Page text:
I’m back in the real world, having left Balticon in my rear view mirror far sooner than I would have wished. Here are somme random thoughts I jotted down about the con, which easily ranks up there with GenCon in terms of overall coolness. Expect much geeking out about it in the next Radio Active.
Forget the panels, the music, the movies, and all the programing — the best part of the con were the random encounters with people I’ve chatted with for years … but never actually met. There are too many names to list, but suffice to say that thanks to Balticon I’ve finally met — and talked to! — people who’ve been my friends and inspiration for years.
The Youth Effect
The convention’s average age was lower than I’d expected. I’m not sure if it’s a function of the podcasting community being there in force (and most of us seem to be in our thirties) or the nature of Balticon itself.
David Brin wrote about the greying of Worldcon a while back (previously discussed on Nuketown here), in which he noted how old the convention goers were, and that his three kids were a significant fraction of those attending. At Balticon, I saw a lot of young kids, say ages 5-11 and a surprising number of babies. Strollers were certainly not uncommon, and outnumbered wheelchairs/scooters.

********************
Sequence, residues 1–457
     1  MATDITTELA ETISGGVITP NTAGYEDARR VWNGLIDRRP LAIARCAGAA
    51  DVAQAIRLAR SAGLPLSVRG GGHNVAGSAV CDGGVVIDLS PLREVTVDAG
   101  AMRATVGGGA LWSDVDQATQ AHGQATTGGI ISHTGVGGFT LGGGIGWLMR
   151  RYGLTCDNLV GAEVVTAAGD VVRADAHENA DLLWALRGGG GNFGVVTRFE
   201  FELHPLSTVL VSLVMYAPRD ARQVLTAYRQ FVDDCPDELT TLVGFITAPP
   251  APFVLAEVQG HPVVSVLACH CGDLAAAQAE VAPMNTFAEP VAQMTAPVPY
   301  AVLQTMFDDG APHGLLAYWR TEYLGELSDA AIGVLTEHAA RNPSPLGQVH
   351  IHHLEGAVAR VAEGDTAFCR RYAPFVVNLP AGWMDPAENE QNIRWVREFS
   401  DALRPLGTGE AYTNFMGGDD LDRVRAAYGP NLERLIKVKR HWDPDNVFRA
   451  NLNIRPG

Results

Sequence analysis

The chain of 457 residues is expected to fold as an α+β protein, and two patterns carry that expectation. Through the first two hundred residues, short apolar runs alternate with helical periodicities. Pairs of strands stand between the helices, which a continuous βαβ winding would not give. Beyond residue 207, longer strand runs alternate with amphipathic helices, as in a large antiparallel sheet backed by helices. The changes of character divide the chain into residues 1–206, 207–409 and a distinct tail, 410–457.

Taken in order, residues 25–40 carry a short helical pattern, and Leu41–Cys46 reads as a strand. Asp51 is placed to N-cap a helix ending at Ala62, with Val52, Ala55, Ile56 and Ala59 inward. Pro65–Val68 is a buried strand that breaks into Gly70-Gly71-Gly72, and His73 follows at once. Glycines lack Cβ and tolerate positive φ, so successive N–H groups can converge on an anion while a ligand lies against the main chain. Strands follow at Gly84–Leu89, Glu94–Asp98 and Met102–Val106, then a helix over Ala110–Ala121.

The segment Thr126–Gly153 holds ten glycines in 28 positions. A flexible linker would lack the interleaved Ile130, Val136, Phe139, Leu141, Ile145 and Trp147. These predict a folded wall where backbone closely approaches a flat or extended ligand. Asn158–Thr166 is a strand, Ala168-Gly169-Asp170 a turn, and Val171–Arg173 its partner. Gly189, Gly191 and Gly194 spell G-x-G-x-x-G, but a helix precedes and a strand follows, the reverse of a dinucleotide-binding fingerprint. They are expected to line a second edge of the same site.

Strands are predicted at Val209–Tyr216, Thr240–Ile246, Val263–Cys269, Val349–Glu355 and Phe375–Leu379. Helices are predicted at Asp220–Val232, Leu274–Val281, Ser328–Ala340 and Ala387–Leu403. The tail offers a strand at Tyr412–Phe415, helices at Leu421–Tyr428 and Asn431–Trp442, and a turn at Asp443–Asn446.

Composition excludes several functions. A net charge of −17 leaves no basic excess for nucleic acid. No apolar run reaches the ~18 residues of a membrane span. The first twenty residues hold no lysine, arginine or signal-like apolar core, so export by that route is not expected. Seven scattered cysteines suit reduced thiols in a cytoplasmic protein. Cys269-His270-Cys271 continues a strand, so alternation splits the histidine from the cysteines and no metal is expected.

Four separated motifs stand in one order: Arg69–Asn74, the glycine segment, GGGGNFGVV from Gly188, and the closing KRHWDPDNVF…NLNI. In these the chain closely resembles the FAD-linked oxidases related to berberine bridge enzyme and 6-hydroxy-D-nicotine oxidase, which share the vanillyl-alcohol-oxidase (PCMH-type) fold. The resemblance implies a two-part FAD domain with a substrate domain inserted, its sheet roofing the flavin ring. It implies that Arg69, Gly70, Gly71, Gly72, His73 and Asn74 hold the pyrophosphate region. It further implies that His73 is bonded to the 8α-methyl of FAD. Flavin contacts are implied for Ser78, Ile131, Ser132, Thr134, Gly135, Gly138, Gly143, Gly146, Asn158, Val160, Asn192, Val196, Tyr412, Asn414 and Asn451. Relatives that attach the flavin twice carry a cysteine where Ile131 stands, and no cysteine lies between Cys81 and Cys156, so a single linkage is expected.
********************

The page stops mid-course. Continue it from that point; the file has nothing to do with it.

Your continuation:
I think this is a direct result of the average age being somewhere in the neighborhood of 35-45; people in that age group are likely to have kids ranging from infants to tweens, and I think it’s a good sign that folks are bringing their kids to the con. Maybe it means that in 10 years, we will see more teenagers walking the halls.
Or not. I’d like to think we’ll be raising a generation of young geeks comfortable enough in their own skins to go to a science fiction convention … but teenagers are contrary souls who may avoid going to cons just because hey, their parents are there.
Conventions are different
Prior to Balticon, I thought most SF conventions were the same. It’s a gross overgeneralization that’s obvious in hindsight, but once here I heard time and again how different cons are better at different things. Balticon’s good at new media and books, PhilCon’s got a good professional vibe.
I will say that the various cons don’t do a great job of branding themselves as such; nothing about “Balticon” says “New Media” … except for the session list. Conventions should go out of their way to promote these aspects of the cons if they’re serious about bringing in new blood. Yeah, I know, that’s dangerously close to branding … but branding is a useful tool for communicating who and what you are.
I need promo materials
Promotions for every aspect of fandom can be found at the convention: fliers, buttons, lanyards, business cards, whatever. And honestly, if I’m going to have Nuketown, and I’m going to go to a convention, I should really be bringing stuff of my own to give away. It might only yield me a few new readers/listeners … but that’s a few more than I have now.